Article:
But even a spokesperson for the effort admits that planting trees won’t be enough.

“Key to the main orientation of the [Nature] is that it describes nature-based solutions as part of the toolbox of carbon reduction strategies – we totally agree with that aspect, ”Michael Becker, communications director for 1t, told CNBC. org.

“There has been a lot of negative media regarding tree initiatives lately, namely the straw man’s argument that ‘planting trees can solve the crisis’ – something with which we strongly disagree, ”Becker said. “Trees are one of our best nature-based solutions, but they alone cannot solve the climate crisis.”

Additionally, Becker pointed out that focuses on growing trees, not just planting.

“Tree planting initiatives are a key part of reforestation commitments and are essential in areas that are too degraded to recover on their own,” Becker told CNBC. “We use the word ‘growth’ to emphasize that it is not enough to put a seedling in the ground: this tree must be supported to maturity to reach its full potential. It also has to be the right species, planted in the right conditions, based on sound science. “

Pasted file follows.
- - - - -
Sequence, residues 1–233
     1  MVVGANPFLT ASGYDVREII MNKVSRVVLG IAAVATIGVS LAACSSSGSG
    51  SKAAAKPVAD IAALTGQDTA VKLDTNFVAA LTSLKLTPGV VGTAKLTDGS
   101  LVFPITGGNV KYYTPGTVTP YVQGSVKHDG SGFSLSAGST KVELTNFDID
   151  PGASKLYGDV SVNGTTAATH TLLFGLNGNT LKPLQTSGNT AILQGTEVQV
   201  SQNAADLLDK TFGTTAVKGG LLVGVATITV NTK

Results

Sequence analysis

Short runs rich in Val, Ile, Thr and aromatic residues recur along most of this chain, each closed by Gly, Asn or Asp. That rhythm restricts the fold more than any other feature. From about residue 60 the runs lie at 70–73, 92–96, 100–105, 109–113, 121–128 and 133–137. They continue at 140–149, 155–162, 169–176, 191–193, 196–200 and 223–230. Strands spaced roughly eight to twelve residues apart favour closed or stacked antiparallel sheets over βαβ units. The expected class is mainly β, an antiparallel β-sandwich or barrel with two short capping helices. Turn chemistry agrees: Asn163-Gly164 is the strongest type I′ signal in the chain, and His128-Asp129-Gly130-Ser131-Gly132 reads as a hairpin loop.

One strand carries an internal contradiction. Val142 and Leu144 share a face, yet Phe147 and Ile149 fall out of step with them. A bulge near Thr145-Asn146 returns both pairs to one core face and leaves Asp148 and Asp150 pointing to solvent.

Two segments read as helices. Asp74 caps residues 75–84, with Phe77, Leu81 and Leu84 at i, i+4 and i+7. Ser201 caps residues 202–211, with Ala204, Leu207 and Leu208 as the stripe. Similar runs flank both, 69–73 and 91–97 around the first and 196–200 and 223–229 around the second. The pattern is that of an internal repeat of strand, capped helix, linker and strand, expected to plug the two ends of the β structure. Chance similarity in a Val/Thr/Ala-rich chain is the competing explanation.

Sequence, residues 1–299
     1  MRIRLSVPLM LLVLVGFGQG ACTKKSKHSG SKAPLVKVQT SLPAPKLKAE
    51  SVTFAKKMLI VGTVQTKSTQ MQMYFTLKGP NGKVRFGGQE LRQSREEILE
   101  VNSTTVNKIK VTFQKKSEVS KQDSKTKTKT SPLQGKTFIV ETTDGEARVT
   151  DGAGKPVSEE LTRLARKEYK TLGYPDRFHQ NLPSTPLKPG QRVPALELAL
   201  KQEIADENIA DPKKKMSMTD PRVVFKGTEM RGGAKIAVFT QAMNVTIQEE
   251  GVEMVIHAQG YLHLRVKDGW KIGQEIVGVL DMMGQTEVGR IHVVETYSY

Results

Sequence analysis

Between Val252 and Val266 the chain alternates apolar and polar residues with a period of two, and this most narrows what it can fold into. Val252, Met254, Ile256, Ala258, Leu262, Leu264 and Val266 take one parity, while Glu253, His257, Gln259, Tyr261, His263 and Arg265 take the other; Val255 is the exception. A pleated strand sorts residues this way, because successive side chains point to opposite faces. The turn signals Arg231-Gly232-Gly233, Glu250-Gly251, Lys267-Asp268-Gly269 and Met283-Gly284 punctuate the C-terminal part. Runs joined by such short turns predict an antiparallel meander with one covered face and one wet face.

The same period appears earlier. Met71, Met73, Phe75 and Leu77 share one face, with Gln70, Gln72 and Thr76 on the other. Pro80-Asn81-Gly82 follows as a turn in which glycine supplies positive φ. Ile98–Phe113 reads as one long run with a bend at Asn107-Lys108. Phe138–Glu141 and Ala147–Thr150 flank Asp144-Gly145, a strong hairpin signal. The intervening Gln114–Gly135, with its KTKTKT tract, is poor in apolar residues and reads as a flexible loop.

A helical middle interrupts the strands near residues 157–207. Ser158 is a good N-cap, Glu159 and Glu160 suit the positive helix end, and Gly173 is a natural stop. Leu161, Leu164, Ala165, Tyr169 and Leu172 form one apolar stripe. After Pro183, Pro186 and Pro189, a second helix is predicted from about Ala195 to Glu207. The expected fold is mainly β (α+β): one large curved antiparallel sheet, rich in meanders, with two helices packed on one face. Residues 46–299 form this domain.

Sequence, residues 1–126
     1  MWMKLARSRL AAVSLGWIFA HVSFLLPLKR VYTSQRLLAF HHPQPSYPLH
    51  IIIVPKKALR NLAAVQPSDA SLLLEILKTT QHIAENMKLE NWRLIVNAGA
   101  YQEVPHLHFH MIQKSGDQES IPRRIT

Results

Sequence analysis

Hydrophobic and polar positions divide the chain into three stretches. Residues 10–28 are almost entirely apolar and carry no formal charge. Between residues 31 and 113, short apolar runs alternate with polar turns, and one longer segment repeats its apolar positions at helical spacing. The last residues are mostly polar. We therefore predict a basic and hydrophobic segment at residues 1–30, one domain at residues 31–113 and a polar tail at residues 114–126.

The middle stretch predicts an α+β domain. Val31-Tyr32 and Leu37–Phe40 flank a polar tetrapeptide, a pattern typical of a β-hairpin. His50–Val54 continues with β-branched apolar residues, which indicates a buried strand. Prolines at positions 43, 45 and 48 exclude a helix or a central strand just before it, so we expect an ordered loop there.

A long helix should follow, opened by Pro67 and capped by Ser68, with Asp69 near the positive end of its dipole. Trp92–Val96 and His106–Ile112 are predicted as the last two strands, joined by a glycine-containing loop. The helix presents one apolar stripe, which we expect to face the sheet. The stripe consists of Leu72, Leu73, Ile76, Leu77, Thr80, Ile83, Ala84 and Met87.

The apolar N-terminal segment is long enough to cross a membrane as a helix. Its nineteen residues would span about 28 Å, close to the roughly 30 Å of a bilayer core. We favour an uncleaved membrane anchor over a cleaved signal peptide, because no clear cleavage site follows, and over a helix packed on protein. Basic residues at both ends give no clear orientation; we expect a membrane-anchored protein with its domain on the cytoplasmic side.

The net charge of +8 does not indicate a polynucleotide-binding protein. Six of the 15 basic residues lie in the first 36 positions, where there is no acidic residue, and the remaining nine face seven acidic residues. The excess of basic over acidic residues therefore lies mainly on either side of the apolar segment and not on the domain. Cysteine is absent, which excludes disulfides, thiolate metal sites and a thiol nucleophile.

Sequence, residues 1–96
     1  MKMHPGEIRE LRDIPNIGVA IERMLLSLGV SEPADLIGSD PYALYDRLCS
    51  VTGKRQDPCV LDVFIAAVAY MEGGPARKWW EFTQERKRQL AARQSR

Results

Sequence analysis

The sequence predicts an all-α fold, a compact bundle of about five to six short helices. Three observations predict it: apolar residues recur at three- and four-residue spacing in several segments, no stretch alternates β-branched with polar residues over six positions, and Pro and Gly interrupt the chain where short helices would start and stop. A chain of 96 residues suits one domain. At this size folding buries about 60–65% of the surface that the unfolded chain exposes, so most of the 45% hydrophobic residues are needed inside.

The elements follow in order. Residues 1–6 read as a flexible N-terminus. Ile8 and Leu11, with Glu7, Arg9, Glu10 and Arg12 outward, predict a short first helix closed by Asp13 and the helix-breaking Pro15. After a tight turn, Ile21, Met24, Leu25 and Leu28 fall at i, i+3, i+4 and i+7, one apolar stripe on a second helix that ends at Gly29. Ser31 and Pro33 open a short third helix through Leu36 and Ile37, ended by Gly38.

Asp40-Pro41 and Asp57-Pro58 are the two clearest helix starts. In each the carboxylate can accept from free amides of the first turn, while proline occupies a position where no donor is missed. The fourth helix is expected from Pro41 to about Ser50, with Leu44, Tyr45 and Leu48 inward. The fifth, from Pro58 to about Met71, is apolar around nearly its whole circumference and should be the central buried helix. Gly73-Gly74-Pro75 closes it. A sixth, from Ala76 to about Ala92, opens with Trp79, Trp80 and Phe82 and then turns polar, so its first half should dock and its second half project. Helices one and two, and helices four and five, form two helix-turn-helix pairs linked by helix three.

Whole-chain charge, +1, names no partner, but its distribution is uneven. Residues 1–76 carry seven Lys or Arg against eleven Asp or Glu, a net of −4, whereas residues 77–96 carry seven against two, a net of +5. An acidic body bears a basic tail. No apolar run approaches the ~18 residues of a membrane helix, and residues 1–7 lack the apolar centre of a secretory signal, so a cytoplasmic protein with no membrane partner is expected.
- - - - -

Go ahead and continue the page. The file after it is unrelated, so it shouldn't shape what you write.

Technology, tracking and standards need to improve

In the Nature article, Microsoft and the other authors argue that the carbon removal market is small and needs to grow and improve.

Microsoft received 189 proposals to phase out 154 megatons of carbon dioxide, but only 55 of those megatons were currently available and only two megatons was what Microsoft considers high-quality carbon dioxide removal.

This market will grow, but more investment is needed to develop carbon capture technologies, and companies need more incentives to use the best carbon capture strategies.

“Nature-based removal and storage, and technology-based and geosphere-based removal and storage are not equivalent products and should not be evaluated as such,” the article said. “The current per tonne pricing encourages companies to buy the lowest quality carbon offsets. “

To improve these incentives, we’ll need much more robust and standardized carbon accounting standards, according to Nature’s article.

Today, there are not even reliable tools to track carbon on a large scale. This makes it difficult for companies to be able to more fully monitor the risks associated with various strategies.

There are groups that are helping develop better tracking, including the international nonprofit Science-based Targets Initiative, the Oxford Compensation Principles from researchers at the University of Oxford, and the Transform to Business Initiative. Net Zero, all mentioned in the article. Additionally, Nature’s article acknowledges the work of the nonprofit Greenhouse Gas Protocol, which has guidelines for assessing a company’s emissions in-house and from energy purchased off-site.

But estimating emissions from an entire supply chain is still very difficult – and vital.

“Three-quarters of Microsoft’s emissions come from these, including building materials, business travel, product lifecycles, and the electricity that customers consume when using Microsoft’s products,” indicates the article.

About Lucille Thompson